For me, the hardest part of meal-kit cooking was following the directions. Not that they were complicated — the kits are designed for beginners and busy people. Each new ingredient in a recipe is highlighted in bold, so components won’t be overlooked in the heat-of-the-cooking moment. The photos complement, rather than replace, traditional recipe text. Home cooks can see exactly what a large floret looks like if they’ve never taken apart a head of cauliflower before.
The challenge for me had to do with rhythm. My cooking is very active. I move from process to process without a lot of stopping to consider. I rely on muscle memory — I’ve internalized all the movements through years and years of repetition. With Blue Apron, though, all the pausing to read the next step in the recipe threatened to throw me off my game.
I’ve also been the big dog in my restaurants for so long that I could hardly remember the last time I was supposed to execute someone else’s dish. But here I was, prepping a quick kimchi slaw, wondering why the recipe called for salt and vinegar but no oil. I thought the starch component was over-portioned in several meals — a cup of couscous is twice as much as my wife, Stacy, and I need. And I hesitated at the addition of honey in a ginger, curry and coconut-milk braise, which I felt added an unnecessary sweetness to a cauliflower dish already dressed with golden raisins. Several times I had to resist the urge to detour from the directions and cook the thing my own way. But, ultimately, I followed the recipes as written.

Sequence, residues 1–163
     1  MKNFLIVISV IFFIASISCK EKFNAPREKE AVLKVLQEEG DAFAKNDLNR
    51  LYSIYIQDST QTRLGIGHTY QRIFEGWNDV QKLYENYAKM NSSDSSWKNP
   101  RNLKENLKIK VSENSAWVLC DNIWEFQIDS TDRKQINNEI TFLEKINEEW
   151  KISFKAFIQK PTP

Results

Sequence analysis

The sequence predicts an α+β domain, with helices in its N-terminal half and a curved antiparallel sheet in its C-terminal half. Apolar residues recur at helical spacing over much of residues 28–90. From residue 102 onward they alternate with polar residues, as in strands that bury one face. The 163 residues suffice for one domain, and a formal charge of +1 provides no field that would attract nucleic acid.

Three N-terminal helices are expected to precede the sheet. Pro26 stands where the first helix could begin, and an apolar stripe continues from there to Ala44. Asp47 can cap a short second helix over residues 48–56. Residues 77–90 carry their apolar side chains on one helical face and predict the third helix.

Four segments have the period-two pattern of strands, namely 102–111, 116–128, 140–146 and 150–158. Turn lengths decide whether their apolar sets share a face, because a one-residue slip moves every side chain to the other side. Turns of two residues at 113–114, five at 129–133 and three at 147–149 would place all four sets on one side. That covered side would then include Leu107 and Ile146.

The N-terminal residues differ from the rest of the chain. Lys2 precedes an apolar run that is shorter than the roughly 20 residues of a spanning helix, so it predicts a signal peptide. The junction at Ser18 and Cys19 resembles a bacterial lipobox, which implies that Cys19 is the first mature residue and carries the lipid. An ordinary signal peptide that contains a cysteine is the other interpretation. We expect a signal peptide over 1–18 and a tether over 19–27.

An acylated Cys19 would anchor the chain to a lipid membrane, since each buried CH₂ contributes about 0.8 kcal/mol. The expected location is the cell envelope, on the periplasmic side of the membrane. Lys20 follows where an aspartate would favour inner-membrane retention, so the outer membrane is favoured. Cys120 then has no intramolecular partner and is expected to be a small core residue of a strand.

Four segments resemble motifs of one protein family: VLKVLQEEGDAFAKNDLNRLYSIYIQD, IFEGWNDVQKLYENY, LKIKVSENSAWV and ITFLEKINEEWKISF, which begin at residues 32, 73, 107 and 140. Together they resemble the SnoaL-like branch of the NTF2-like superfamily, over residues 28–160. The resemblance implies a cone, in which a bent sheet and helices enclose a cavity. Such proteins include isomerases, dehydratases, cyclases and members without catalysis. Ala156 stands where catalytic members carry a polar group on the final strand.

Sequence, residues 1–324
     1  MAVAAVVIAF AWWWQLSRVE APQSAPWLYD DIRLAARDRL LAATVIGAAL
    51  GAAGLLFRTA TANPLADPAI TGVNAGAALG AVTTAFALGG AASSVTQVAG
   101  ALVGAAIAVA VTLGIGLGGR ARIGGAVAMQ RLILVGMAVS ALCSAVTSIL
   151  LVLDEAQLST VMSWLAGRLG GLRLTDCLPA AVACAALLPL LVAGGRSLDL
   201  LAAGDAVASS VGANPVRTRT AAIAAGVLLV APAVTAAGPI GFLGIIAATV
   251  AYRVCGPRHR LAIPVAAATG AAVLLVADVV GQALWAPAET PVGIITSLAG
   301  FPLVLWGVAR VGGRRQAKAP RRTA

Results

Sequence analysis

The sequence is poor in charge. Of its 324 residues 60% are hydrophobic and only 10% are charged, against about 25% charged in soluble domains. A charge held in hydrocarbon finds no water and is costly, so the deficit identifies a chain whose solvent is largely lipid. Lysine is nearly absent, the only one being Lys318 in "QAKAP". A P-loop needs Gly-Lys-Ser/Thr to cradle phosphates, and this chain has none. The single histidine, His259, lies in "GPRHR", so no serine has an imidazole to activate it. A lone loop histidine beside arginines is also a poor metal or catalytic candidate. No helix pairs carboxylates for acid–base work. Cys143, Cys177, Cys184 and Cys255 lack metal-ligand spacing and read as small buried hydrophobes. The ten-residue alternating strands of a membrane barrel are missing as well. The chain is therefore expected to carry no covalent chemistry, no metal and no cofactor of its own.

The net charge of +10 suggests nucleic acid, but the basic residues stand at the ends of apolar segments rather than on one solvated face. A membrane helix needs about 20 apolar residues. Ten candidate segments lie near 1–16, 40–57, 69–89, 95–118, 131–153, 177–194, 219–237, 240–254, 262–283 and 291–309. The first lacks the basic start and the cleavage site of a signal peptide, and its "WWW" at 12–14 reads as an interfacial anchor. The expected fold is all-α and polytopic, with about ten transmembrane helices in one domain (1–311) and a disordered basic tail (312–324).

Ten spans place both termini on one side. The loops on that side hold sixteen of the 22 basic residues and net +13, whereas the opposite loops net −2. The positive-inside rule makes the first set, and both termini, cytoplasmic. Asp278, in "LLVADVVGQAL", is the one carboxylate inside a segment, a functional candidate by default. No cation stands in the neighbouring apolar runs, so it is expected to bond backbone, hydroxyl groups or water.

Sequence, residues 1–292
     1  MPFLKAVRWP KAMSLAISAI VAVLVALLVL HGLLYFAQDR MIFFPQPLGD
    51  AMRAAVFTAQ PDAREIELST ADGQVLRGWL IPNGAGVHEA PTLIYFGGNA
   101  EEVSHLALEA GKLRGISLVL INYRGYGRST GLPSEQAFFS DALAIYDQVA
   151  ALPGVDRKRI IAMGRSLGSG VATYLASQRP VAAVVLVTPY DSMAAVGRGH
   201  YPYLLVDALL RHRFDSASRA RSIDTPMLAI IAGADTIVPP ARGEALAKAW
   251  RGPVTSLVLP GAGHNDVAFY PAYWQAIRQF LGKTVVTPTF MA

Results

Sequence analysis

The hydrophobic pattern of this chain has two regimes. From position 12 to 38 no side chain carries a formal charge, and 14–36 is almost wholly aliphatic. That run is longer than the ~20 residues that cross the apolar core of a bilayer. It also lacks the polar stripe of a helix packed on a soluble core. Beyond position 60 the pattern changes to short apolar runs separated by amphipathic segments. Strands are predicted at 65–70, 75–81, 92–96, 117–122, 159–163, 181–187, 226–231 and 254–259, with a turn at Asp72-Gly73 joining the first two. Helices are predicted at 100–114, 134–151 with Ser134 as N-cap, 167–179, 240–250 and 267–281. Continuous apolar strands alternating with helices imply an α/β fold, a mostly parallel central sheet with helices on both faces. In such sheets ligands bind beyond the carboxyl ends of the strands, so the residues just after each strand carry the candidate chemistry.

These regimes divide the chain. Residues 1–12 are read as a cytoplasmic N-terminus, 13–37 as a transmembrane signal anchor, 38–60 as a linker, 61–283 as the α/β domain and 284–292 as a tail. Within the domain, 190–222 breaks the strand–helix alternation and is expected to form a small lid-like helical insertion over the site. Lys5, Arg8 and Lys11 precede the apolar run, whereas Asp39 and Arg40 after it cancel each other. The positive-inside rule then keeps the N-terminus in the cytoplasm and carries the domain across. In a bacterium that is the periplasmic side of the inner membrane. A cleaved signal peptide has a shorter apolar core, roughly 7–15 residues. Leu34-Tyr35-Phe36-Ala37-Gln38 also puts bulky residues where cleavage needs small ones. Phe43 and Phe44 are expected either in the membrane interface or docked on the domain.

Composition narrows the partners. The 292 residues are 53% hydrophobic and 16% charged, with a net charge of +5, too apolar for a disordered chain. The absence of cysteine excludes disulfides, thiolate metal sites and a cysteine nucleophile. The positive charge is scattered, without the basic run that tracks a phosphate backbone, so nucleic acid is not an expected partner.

The finished meals were unexpectedly good. Stacy, whose palate may be even more sophisticated than mine, disagreed with me about the cauliflower. She thought the honey worked well. And disagreement on the sweetness, saltiness or spiciness of a dish is better than agreement that it’s bland.
I was impressed with the sophistication of the flavor profiles in the kits we received. There was clearly a chef behind each recipe. A healthy dose of Ras el Hanout was the engine running a dish of North African-spiced shrimp and couscous. The Moroccan spice blend is the sort of thing you’d find in well-stocked restaurant kitchens. My company’s beverage director, Casablanca-born Taha Ismail, has used it to rim the glass of an ambitious cocktail. For my part, as someone who makes his living feeding people, and who relies on their attention to new and interesting flavors, I’d be happy to see meal kits open more people up to bold ingredients like that.